crate of aysh baladi (Egyptian style pita).
The author poses in the lobby of the Intercontinental
Hotel in Heliopolis.
chicken: it's what's for dinner. or Some people keep
chicken, pigeons, and other game at their homes. These
were from my friend's roof.
Liza Laziza performed
with her band in the Meridien Pyramid's outdoor restaurant.
This free tanoura show at the Citadel
is a must-see!
performs at her club Parisiana. She put on a great 3-hour
show even though she was under the weather.
This was the most
impressive sight to me: a man riding a bicycle through
thick Cairo traffic with a big tray of bread balanced
on his head.
Freiz & Aleya on the Marquese boat
to Eat, Drink, Sleep, and Breathe Raqs Sharqi
Part Four of Four:
The End of the Trip
year I visited Cairo for the first time and attended the Ahlan
Wa Sahlan festival, but decided that I could learn more if
I took private dance lessons. Being the intrepid traveler
that I am, I returned on my own in 2005, in the month of September,
to enjoy all that Cairo has to offer during more favorable weather.
Following are my experiences as I related them to my close friends
asdiqaa! Since I last emailed y'all I saw and learned much.
I've taken many classes and seen a few shows and done more shopping
since then. Iíve had no time for touristy stuff at all,
but that's OK because last year, I did a lot of sight-seeing and
souvenir shopping. I guess I'll just have to come back again
to see the things I haven't seen yet in Cairo! Plus, I've learned
how to be a more savvy traveler in Egypt. I must come back
and put this knowledge to work for me!
I come to Egypt I have a wardrobe crisis. It's hard to find that
balance of clothes that are comfortable yet cute yet cool for
the hot weather. I end up sweating through everything or feeling
androgynous. With the help of my friend Erika,
I've discovered the perfect tourist wear: A long cotton tank top
with a colorful cotton shawl over a pair of jeans--not low-rise
jeans! The tank top soaks up the sweat and keeps you cool, the
shawl adds color, chicness, and coverage, while the jeans do all
of the above. You can buy all kinds of pretty shawls on the street
in Cairo, and the draping possibilities are numerous. (see photo.)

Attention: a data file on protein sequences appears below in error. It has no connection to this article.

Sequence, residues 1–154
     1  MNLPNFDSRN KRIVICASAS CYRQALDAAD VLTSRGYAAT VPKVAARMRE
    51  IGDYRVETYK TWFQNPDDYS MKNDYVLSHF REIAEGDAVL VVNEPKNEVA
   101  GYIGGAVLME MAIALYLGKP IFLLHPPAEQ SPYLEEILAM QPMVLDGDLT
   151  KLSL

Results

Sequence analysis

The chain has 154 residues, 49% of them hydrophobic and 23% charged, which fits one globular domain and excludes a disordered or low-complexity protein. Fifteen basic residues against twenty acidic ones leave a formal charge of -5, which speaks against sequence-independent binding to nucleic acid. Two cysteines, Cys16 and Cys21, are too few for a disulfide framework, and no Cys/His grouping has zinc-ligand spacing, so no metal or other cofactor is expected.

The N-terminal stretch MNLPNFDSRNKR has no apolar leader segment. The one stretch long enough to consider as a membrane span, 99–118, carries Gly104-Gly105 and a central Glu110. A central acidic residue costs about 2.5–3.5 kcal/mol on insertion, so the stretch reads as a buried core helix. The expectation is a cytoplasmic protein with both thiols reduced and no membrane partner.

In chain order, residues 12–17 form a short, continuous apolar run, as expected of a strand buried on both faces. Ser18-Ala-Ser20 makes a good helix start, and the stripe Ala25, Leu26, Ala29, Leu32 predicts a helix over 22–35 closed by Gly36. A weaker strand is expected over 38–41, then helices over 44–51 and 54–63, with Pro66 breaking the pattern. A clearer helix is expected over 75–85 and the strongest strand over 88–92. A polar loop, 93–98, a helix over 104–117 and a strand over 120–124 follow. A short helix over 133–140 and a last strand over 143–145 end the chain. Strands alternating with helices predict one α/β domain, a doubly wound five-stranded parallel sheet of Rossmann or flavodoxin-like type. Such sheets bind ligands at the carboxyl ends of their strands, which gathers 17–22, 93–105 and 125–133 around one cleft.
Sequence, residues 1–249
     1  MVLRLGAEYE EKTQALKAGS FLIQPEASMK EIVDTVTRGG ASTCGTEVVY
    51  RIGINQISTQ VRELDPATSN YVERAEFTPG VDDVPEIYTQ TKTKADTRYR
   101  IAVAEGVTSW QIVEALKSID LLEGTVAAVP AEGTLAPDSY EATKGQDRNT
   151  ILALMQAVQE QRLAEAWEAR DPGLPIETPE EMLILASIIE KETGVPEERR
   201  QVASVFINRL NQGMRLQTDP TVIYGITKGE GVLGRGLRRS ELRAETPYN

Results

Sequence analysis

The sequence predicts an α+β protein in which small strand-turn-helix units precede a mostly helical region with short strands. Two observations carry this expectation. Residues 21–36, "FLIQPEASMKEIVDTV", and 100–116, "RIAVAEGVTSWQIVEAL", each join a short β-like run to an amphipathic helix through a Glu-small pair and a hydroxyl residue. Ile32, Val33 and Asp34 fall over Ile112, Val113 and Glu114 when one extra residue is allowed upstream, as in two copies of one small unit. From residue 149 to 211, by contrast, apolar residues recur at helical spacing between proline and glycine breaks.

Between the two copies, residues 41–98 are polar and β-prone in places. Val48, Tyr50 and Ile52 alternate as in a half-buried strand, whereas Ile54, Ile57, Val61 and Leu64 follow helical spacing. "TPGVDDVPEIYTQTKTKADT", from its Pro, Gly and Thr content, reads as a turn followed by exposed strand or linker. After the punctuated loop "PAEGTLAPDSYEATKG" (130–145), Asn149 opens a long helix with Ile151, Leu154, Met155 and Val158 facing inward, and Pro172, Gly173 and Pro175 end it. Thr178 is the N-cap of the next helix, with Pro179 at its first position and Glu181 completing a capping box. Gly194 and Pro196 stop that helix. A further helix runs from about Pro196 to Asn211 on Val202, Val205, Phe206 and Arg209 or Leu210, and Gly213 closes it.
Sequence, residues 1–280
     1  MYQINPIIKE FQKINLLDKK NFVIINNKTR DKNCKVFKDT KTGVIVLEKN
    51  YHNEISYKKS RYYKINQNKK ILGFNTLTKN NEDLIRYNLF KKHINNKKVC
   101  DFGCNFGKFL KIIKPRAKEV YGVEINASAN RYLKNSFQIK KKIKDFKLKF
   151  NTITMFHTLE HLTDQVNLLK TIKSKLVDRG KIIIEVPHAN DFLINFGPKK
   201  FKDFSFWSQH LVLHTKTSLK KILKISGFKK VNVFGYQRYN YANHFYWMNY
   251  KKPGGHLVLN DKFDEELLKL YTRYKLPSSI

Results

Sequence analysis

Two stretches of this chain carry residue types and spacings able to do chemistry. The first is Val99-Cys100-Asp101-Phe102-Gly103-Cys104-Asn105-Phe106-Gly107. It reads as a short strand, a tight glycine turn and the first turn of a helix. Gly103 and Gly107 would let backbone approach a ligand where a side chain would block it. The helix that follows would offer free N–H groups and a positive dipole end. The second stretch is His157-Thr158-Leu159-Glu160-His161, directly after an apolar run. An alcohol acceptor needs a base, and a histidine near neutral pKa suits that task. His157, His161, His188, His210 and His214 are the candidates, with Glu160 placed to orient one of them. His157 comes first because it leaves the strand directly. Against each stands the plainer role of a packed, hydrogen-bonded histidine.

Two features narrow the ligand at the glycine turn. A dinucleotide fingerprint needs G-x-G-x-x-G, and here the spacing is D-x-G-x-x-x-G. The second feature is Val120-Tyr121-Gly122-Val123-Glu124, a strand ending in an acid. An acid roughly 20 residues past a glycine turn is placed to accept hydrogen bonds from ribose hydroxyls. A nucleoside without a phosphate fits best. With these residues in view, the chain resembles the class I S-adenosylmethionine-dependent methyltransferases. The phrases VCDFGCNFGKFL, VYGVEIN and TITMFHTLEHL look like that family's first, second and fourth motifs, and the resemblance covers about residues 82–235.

I finally met
up with my sweet Egyptian friend Hanaan. It's
been difficult because I've been busy with classes, shows and shopping,
while she's nursing a new-born baby. It was a joyous reunion! She
made me lunch at her house: fried fish, rice, bread, and soda.
I wish she hadn't gone through the trouble due to her being so
busy with the newborn in addition to her two young boys. But when
someone offers you home-cooked food in Egypt, you don't say no!
It's just not an option! Hanaan is the most open-hearted person
ever. When her husband grilled me about why I've chosen dance as
a career, she defended me saying "It's art!." Love her!
Later we sipped some lemon juice with soda water on her roof, with
the company of her extended family and the pigeons and chickens
heard the phrase "Egyptian time" I imagine. Well, I
think it's only used in America because Egyptians in Egypt have
been punctual in my experience! In fact, I've been the one who's
always late. I've even been chastised by Egyptians for being late
to a class or meeting! Just goes to show that you can't believe
We saw the Tanoura (Egyptian Sufi musicians and dancers)
at the Citadel. The band is hauntingly good. I wish
I could have a drum section like that play for me.
We saw Liza Laziza (Persian and French), Shams
(Russian), Camelia again, and Lucy.
We wanted to see Dina, but the night we finally
made a reservation at Semiramis, she cancelled. Lucy's show
was noteworthy for several reasons. First, she looked great!
I think she's in her '50s and she still is in excellent shape--even
better than last year. Second, she can still dance!
Of course, she did a lot of hob-nobbing with the audience, sang